When parents no longer live with one another and have a child or children between them, both parents have an obligation to financially support their children. This scenario often occurs when parties are divorcing. It is important to consider the child’s need to be in a home that is safe, and comfortable.
Florida laws provide a mathematical computation and table, the Florida Child Support Guidelines, to determine how much child support each parent is responsible to pay based upon their net monthly income. The Florida child support guidelines can be found at FL Statute Section 61.30. Typically this amount is paid monthly or according to the payor’s pay period, biweekly or twice per month. Although both parents may have other bills such as car payments, credit card payments, mortgage payments and so on, the guidelines only provide limited deductions to arrive at a parent’s net monthly income to determine the correct amount of child support to pay per the guidelines. The Judge may deviate outside of the guideline by 5% but the Judge provides a reason for his or her deviation from the statutory amount. Another factor which often affects the payment of support is the amount of time sharing the parent’s have with their children. Florida law provides that both parents share in the cost of their child’s after care costs, day care and medical and dental expenses.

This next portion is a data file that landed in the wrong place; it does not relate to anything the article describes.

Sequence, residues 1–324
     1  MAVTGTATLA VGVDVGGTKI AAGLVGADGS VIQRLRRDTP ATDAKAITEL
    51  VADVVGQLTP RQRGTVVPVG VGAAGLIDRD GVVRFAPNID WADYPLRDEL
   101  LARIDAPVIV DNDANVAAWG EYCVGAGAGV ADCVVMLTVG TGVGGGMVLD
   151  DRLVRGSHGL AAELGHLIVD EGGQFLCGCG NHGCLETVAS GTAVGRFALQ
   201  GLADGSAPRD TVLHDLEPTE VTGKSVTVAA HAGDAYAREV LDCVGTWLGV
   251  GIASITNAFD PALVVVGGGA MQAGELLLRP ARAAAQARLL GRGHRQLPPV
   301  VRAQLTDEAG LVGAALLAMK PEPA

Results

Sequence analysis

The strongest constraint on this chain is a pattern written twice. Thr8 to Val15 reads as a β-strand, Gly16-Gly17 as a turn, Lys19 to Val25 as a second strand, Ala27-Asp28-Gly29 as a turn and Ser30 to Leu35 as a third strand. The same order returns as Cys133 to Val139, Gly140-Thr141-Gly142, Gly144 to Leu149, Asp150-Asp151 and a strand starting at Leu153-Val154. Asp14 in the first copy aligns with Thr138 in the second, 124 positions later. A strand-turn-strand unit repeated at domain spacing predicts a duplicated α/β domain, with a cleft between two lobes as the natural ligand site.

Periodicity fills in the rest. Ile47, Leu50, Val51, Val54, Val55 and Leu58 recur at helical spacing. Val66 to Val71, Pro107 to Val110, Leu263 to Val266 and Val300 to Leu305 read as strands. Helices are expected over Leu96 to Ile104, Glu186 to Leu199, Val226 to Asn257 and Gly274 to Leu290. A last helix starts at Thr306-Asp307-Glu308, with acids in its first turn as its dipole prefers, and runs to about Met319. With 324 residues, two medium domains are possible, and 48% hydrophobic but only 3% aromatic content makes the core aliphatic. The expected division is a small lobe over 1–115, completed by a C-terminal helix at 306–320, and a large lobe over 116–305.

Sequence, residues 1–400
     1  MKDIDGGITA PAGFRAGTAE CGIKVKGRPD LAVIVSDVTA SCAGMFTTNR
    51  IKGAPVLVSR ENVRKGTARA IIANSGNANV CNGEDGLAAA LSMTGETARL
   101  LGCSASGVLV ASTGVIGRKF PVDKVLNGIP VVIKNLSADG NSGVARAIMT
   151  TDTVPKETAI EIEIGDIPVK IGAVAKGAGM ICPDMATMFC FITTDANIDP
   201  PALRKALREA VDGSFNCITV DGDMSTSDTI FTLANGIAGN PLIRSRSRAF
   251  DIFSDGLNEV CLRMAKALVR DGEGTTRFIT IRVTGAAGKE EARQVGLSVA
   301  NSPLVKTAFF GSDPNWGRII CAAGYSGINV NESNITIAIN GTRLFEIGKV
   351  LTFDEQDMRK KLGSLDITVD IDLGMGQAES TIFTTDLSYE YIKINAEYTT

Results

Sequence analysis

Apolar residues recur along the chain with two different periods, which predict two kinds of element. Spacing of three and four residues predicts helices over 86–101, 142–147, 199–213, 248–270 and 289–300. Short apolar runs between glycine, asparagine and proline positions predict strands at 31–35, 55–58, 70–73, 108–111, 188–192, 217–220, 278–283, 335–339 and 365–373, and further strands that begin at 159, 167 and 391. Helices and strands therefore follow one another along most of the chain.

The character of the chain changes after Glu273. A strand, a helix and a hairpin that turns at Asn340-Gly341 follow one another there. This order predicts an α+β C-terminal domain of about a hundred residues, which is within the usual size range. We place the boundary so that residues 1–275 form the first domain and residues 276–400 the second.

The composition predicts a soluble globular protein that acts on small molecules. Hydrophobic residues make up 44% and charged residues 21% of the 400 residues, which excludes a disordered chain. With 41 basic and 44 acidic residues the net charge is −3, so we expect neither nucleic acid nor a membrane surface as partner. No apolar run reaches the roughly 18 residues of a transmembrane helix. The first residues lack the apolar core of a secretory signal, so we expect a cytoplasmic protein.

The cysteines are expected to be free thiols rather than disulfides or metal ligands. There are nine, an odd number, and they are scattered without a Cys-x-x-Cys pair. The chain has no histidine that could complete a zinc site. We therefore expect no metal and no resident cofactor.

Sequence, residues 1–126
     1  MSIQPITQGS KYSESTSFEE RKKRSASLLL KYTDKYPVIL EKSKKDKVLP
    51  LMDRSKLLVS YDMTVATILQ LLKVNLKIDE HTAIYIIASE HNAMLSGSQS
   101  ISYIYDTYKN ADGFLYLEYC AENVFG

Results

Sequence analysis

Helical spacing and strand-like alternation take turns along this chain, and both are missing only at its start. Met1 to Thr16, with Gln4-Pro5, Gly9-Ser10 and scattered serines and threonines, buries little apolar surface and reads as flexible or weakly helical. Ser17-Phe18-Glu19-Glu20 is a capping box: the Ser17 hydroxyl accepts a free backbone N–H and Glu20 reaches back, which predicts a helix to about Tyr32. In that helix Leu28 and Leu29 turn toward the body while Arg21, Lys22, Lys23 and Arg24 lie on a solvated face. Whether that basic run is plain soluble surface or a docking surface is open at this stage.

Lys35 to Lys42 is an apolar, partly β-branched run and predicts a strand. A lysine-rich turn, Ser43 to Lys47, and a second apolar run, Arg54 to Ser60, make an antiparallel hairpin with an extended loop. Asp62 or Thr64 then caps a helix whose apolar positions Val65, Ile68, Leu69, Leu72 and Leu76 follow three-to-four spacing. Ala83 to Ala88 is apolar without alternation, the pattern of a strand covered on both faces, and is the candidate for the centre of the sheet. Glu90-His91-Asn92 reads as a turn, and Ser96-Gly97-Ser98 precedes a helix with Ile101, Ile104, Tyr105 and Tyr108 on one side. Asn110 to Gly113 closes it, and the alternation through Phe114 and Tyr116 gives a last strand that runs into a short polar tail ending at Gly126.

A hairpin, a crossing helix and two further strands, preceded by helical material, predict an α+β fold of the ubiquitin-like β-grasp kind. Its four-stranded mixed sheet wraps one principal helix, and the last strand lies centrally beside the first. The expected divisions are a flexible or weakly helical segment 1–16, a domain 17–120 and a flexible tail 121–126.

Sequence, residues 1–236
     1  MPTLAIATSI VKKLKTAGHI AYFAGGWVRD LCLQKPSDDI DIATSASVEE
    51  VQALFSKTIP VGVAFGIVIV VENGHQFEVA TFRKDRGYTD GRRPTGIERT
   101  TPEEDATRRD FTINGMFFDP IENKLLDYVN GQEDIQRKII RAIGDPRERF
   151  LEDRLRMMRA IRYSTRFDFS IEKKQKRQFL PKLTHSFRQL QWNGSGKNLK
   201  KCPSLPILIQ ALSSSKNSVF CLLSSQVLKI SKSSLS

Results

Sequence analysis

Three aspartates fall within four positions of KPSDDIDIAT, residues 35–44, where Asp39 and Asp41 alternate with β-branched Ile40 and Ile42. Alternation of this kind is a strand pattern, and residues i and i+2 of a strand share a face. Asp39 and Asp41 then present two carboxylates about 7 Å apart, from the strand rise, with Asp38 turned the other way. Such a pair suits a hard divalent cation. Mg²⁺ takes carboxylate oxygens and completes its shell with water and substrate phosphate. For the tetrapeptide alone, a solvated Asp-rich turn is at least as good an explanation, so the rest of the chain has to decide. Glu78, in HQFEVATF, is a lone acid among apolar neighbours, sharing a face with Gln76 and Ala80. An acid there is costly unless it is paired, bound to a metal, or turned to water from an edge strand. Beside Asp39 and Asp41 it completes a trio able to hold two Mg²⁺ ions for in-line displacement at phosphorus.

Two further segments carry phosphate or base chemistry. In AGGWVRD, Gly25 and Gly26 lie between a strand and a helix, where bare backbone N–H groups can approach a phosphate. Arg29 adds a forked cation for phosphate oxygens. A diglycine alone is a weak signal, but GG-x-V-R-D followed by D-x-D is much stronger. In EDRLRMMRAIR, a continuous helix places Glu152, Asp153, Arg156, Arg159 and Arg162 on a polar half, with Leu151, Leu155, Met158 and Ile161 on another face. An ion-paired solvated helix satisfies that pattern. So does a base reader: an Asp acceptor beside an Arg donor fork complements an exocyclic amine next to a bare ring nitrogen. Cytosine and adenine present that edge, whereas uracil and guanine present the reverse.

It is important to have a professional review the facts of a case to determine the amount of money a parent should be receiving and/or paying to support their children. Ms. Perry is particularly experienced in this area of the law as she has represented the Florida Department of Revenuemi, Child Support Division in both Broward County and Palm Beach County, FL. Since 1987, she has handled many child support establishment cases, child support modifications, paternity establishment cases, enforcement matters, drivers license contests and contempt proceedings.